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Balance Transfer Credit Cards

The interest rate you are charged for a balance transfer credit card is a great inducement to transfer your existing balances on the card to the new card provider in case you fail to make your payment on time. Although you would not pay an interest on a debt with a higher balance on the new card, it would be better not to bet your bottom dollar than lose some money on bad credit. By paying off your credit card, you can lower your entire monthly bill every month (which was about $40).

Balance transfer credit cards offer a convenient route to transfer outstanding balances on an existing card. It is also a good way to learn your credit worthiness. There was not ever any chance of balance transfer credit cards offering the free grace period grace period that other people will find irresistible. The savings age for you is 60. That’s only three years. That’s the equivalent of owning a car. (Credit cards with higher interest rates often operate with a gas tax exclusion.)

You’ve also got to remember that transferring your existing balances to a new credit card provider is not that hard. Just check a little deeper. Some providers charge a 3.99% fee. These fees are imposed for any debt (not just debt you’ve transferred from the old card provider) and cost $39.49 to $99.42 per year. The savings on transferring from one card provider (one full pay off) to another is usually around $17. That’s nearly one full year savings. The number of 0% credit card introductory offers or balance transfer fees is on the yearly per-cardholder average at 4.74% to 5.27%. Of course, there’s a catch. Many credit card issuers offer an introductory 0% interest rate – but only for the introductory period. There are also some provider tie-ins cards which are not secured by a secured security and thus cannot be transferred to the new card provider. This means that the transfer balance will need to be deposited and not be made available to pay a co-branded company for a year.

Balance transfers are a great payment option. As a cardholder you can immediately see that you can benefit. You can immediately pay off this debt within the introductory period when you transfer the new balance on the old card provider to another provider before the end of the introductory period. For example, if you are a student with a $200,000 credit limit you can make it a priority to pay off your credit card debt before you get any graduate loans.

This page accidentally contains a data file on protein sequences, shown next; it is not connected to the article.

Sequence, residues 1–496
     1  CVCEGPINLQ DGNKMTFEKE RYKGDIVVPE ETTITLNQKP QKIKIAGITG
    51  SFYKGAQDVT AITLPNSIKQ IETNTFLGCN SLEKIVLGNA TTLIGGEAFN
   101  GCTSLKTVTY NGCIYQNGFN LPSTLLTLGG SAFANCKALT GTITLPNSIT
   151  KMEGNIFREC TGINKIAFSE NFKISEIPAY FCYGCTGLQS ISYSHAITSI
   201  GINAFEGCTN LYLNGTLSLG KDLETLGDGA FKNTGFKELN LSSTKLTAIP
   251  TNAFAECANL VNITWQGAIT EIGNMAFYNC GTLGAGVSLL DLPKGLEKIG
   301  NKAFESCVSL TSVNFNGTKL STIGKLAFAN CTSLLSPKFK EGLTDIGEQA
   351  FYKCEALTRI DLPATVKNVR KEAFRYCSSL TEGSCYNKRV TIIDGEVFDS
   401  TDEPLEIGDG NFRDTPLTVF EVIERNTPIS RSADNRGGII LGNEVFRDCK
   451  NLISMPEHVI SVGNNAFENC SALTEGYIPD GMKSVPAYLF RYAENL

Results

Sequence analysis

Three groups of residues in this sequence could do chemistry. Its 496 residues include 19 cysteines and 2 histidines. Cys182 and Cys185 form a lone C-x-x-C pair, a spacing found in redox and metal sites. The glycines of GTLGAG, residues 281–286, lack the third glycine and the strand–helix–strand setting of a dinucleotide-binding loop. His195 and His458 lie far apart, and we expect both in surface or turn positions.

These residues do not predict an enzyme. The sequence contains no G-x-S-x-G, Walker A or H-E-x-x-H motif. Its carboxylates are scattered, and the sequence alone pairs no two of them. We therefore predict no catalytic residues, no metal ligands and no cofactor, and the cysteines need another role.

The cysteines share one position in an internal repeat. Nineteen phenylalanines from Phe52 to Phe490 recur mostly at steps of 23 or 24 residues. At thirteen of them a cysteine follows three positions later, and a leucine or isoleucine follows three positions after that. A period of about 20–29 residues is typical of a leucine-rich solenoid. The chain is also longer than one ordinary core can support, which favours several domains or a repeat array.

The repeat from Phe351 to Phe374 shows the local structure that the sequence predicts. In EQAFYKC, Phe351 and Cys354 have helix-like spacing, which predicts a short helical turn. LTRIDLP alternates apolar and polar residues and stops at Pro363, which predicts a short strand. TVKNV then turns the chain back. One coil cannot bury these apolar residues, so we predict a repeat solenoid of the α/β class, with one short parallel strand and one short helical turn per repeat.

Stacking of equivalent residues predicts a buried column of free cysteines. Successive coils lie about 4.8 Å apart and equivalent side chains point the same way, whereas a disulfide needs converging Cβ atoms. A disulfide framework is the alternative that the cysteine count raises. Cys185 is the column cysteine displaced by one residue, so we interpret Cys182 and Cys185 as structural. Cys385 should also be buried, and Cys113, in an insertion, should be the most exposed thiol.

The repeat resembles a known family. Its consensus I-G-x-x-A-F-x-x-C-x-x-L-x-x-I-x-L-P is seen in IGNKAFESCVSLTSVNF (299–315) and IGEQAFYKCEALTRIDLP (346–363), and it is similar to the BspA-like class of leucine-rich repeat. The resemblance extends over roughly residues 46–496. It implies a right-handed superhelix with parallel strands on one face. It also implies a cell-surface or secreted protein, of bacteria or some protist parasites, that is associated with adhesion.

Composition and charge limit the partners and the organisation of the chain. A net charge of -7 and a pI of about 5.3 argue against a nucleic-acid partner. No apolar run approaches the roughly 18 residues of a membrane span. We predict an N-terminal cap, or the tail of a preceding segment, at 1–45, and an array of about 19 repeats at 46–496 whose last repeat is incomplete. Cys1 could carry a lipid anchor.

One thing to be sure though – after the introductory period ends use the card responsibly. Paying just the minimum amount you owe on them will allow you to lower, in the words of a co-worker, how much you pay on interest.

Balance Transfer Credit Cards May Be Killing Your Credit Score

Have you been contemplating a balance transfer for a while? Are you aware that one of the leading credit card issuers, Visa, has found itself in hot water?

Now that you have seen the recent controversy over balance transfer offers, it can be tricky to decipher who is really targeting the jugular vein and what the problem is with.

I suggest that you check your credit report. There’s far more to it and the Better Business Bureau has categorized a lot of names that seems to be on the cusp of implosion.

According to the bureau, ‘Credit card companies’ accounted for 56.4 percent of the 3.9 billion consumer’s accounts on June 30, 2006.’ Since that time, they’ve racked up 2.75 million credit-related fines. Don’t give people that credit card for trying to transfer balances on another credit card to feel bad.

Look at your credit score. You should get a middle finger to start thinking of your financial problems of late. You’ll create a huge, negative impact.

The average American family has a credit score of 775,000 plus (average American family takes in 250,000 or 40% of its credit line), while average income is 62% of credit line; the average score in the United States is 632,000.

So, is that a better or worse thing to have than your income? Take the credit card companies’ money and multiply it by 60 to get your total. You get 625,000 x 250,000 = $362,000 on your 2 credit cards. That’s about $10 in monthly credit. Look at what each creditor has used on your financial statements.